I much enjoy reading about evidence-based research, which occasionally gives rise to conclusions that may appear counterintuitive.
An Oct. 29, 2014 Atlantic article is of interest, in this regard. The article is entitled: “Why Middle-Class Americans Can’t Afford to Live in Liberal Cities: Blue America has a problem: Even after adjusting for income, left-leaning metros tend to have worse income inequality and less affordable housing.”
The article concludes:
- One could attempt tying this together into a pat story—Rich liberals prefer to cluster near historic coastal communities with high home values, where they support high taxes, rent control, and a maze of housing regulations to protect both their investment and the region’s “character”, altogether discouraging new housing development that’s already naturally constrained by geography…—but even that interpretation elides the colorful local history that often shapes housing politics.
- I asked Kahn if he had a pet theory for why liberals, who tend to be vocal about income inequality, would be more averse to new housing development, which would help lower-income families. He suggested that it could be the result of good intentions gone bad.
- “Developers pursue their own self-interest,” Kahn said. “If a developer has an acre, and he thinks it should be a shopping mall, he won’t think about neighborhood charm, or historic continuity. Liberals might say that the developer acting in his own self-interest ignores certain externalities, and they’ll apply restrictions. But these restrictions [e.g. historic preservation, environmental preservation, and height ceilings] add up, across a city, even if they’re well-intentioned. The affordability issue will rear its head.”
[End of excerpt]
One’s neighbourhood extends beyond local boundaries
One’s local neighbourhood, wherever it may be, with whatever level of equality, and whatever its stance on historical preservation, is situated within the larger universe.
This thought occurs to me after viewing the video at a Nov. 3, 2014 CNET post entitled: “‘We are made of star stuff’: A quick lesson on how: Carl Sagan famously said that the death of ancient stars helped to create us. Huh? Here’s a quick primer on what he meant.”
An earlier post also deals with demographics:
New Jersey Dreaming: Capital, Culture, and the Class of ’58 (2005)
Sherry B. Ortner (2005) also discusses topics related to demographics, success, idealism, political action, equality, and power; her work is of much interest.
Known for her work regarding the Sherpas of Nepal, Sherry Ortner presents research, in her study of a 1950s New Jersey high school, in an easy to read format, with a focus on the role of class in American society.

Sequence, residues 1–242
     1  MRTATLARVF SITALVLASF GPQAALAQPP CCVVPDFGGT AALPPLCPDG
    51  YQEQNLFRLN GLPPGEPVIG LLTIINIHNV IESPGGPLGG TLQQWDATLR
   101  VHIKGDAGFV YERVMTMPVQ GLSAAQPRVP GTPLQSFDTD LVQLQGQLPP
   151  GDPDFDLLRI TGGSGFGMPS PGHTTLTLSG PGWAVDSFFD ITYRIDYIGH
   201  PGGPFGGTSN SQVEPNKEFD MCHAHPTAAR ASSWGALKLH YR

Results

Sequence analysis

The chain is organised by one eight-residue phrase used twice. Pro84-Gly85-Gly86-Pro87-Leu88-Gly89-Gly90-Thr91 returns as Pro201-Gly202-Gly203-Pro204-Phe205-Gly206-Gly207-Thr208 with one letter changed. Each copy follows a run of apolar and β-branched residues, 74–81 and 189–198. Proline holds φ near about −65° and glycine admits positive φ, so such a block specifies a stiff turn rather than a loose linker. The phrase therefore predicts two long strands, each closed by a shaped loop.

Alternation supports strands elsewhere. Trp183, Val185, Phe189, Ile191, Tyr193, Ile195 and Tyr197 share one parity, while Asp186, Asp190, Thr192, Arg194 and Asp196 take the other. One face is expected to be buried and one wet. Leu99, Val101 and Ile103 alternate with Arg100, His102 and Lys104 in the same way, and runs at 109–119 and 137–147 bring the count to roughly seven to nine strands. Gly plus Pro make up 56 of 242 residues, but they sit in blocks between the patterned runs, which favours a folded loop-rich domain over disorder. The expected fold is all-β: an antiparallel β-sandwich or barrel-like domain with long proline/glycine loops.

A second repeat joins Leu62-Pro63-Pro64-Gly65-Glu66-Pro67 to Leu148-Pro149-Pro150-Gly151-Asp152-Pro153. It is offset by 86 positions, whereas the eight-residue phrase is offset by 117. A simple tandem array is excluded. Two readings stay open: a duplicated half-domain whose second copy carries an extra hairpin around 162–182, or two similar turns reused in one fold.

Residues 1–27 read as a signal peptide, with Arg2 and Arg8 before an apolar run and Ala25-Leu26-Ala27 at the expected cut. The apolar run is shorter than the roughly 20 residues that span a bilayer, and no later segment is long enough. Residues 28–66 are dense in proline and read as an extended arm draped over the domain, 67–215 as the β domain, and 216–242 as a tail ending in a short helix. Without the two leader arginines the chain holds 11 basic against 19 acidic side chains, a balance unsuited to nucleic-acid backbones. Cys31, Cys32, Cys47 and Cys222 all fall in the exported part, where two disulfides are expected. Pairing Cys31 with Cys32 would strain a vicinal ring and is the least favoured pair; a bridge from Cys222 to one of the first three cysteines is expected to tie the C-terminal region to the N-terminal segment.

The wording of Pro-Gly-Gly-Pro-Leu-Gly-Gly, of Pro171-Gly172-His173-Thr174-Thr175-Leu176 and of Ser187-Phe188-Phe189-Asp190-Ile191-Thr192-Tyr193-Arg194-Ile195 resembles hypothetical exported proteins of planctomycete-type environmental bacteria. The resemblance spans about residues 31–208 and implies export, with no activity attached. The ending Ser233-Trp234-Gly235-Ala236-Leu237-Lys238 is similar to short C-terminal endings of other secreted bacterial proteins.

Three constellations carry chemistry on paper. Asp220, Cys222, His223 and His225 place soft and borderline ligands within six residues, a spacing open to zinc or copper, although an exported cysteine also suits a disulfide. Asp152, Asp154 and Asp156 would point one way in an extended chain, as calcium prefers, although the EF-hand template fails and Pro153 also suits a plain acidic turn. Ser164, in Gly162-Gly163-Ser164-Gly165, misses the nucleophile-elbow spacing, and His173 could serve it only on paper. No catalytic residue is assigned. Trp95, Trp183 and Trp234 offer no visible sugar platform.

A Nov. 5, 2014 Forbes article is entitled: “Who’s To Blame For The Increasing Gap Between The Rich And The Poor? Market Policies, Says New Report.”
A Nov. 7, 2014 Foreign Policy article is entitled: “The Free Market Did Not Bring Down the Berlin Wall: The United States has misinterpreted the end of Communism for a quarter of a century. It’s time to set the record straight.”
A March/April 2014 Mother Jones article is entitled: “What If Everything You Knew About Poverty Was Wrong?”
A Dec. 7, 2014 Toronto Star article is entitled: “Toronto is divided, but not as badly as other major cities.” The subhead reads: “All North American cities are splintering, but the causes relate to a broader economy that municipal governments have little power to change.”
A Dec. 8, 2014 Toronto Star articleis entitled: “A tale of income inequality in five Toronto neighbourhoods: We use U of T professor David Hulchanski’s research to take a close look at changes in recent decades in five Toronto neighbourhoods.”
A Dec. 23, 2014 New York Times article is entitled: “A Brand New World In Which Men Ruled: Instead of narrowing gender gaps, the technology industry created vast new ones for Stanford University’s pioneering class of 1994.”
A Sept. 30, 2015 New York Times editorial is entitled: “Slipping Backward in Nepal.”
A Jan. 29, 2016 Guardian article is entitled: “Was there ever a time when so few people controlled so much wealth?”
The following post adds background to the discussion:
A June 19, 2017 Aeon article is entitled: “The bloodstained leveller: Throughout history, plagues and wars have left greater equality in their wake. Can we get there again without violence?”